When your first baby is born, you’re probably a bit nervous about bonding. Breastfeeding is one of the more obvious bonding experiences that comes to mind, but if you’re having difficulty with it, you might feel like a failure and even wonder if you’ll ever bond with your child.
It’s hard to look at this brand-new little person and imagine that not long from now, they’re going to be covering you in kisses and calling you Mommy!
The good news is, you’ll soon find that their universe revolves around you and that they love you very much, but here’s some tips for some fun activities you can do with your baby/toddler to strengthen that bond even more.
We all love cuddles, right? Of course, so does your baby! In particular, the feeling of your warm skin against theirs is very soothing and pleasant for a baby. This unfamiliar new world that they are in can feel pretty scary sometimes, and a nice relaxing skin-to-skin cuddle with mommy is a great way to calm them down when they’re frightened or upset.
Skin-to-skin cuddling of your baby also has benefits you may not have been aware of. According to the International Breastfeeding Centre, skin-to-skin contact helps to stabilize the baby’s body temperature, heart and breathing rates, and immediate skin-to-skin contact after birth will colonize the baby with the same bacteria as the mother, which is believed to prevent allergies.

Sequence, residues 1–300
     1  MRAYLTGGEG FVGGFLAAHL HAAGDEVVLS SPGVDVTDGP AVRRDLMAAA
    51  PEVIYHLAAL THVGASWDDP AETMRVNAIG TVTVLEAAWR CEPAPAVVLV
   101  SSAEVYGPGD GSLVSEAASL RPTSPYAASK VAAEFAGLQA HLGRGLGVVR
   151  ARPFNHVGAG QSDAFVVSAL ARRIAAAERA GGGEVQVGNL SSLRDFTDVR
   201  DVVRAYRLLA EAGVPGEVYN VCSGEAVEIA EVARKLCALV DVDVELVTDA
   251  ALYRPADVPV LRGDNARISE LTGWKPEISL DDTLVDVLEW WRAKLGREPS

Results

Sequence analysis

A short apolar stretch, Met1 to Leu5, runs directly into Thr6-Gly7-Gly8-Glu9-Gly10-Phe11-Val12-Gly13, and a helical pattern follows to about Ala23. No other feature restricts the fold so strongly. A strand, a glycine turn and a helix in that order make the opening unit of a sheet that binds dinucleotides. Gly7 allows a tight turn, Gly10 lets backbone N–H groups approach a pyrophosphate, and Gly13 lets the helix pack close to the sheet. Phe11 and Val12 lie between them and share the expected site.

READING TO YOUR BABY
You can start reading to a baby straightaway! It might feel a little bit silly to be reading to a newborn, but your baby has been listening to your voice while in the womb for a while now and already finds it soothing. It’s easier to get into the reading habit now than when they’re a 4-year old racing around the house, so start reading now for great rewards later.
The experience of reading has so much to teach babies: the tactile sensation of the pages, the sounds of the words, the visuals of the pictures, etc.
Reading to your child benefits their language development, as they get used to the sounds and words. It also helps the baby to learn about the things they will see in their daily life. Make sure you point to the pictures while you’re reading the story, i.e. if there’s a train in the story, point to the train as you say the word “train”.
You’d be surprised before they even start to speak how many vocabulary words they will have committed to memory this way. But beyond development, this is also a shared experience, and before long they’re going to be following you around the house with board books asking you to read to them!
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